Variety may be the spice of life, but just about every job involves some degree of repetition. Whether individuals perform one part of a manufacturing process or write key reports, proposals or correspondence on a computer for eight hours every day, their activities can put stress on the same part of their bodies. The resulting injuries can be serious — and they typically qualify for workers’ compensation benefits.
Repetitive stress injuries (RSIs) do not typically occur as the result of accidents; however, they are conditions that often directly relate to on-the-job activities. The Bureau of Labor Statistics reports them as musculoskeletal disorders (MSDs), which accounted for an alarming 33 percent of all injury and illness cases in 2013. All too often, injured workers need help from our Tuscaloosa workers’ compensation attorneys due to the challenges of substantiating their claims.
Common Types of RSIs
Anyone who has hammered one too many nails has probably experienced soreness to the wrists and hands. This type of pain generally goes away within a few days; however, injuries like these can become permanent and debilitating for individuals who hammer nails every day. The following parts of the body commonly sustain RSIs that qualify for workers’ compensation claims:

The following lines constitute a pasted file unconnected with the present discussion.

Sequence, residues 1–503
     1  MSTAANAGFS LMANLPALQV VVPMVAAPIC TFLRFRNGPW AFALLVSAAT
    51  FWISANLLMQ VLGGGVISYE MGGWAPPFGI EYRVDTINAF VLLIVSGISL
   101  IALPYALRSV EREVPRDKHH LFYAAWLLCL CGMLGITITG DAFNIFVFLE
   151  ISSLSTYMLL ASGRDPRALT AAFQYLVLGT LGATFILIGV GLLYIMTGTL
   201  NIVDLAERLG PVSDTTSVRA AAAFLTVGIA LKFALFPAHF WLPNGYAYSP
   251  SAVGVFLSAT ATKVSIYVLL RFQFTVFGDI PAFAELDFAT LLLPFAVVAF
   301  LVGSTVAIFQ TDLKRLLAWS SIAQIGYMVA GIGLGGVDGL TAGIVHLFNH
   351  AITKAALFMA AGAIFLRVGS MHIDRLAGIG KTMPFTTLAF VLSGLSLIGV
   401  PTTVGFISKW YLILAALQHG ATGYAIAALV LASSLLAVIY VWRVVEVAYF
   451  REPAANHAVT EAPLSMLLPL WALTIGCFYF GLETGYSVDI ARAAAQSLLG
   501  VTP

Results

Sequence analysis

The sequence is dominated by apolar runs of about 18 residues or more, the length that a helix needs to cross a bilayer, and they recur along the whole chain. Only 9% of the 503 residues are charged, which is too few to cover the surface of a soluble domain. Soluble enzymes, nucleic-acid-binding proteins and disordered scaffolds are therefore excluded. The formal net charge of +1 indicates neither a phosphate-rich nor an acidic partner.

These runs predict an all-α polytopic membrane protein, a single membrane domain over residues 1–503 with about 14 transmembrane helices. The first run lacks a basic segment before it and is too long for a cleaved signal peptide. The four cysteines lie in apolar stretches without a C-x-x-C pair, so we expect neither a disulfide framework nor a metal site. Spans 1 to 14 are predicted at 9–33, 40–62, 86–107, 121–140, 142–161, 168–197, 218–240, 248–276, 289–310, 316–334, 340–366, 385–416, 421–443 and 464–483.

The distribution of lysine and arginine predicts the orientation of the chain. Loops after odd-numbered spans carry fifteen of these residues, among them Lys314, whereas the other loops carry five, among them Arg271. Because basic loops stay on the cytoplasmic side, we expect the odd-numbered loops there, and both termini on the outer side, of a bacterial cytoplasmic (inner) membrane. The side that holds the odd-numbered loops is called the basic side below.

Why Many Repetitive Stress Claims are Denied
Naturally, there are a number of reasons why workers’ compensation claims may be denied. However, our Tuscaloosa workers’ compensation lawyers are often called on to assist claimants with repetitive stress claims simply because these injuries are not caused by on-the-job accidents.
Even though workers’ compensation supports claims for workplace-related conditions and illnesses, an accident does not mark the onset. Thus, the source of these conditions is not always readily-identifiable. Without a known workplace accident, employers and their insurance companies can claim that employees sustained their conditions outside of the workplace. Since an experienced attorney knows the type of evidence needed to substantiate these claims, workers should not hesitate to seek the legal support necessary to pursue the compensation they need and deserve.
NINDS Repetitive Motion Disorders Information Page, National Institute of Neurological Disorders and Stroke
Repetitive Motion Injuries, eMedicineHealth
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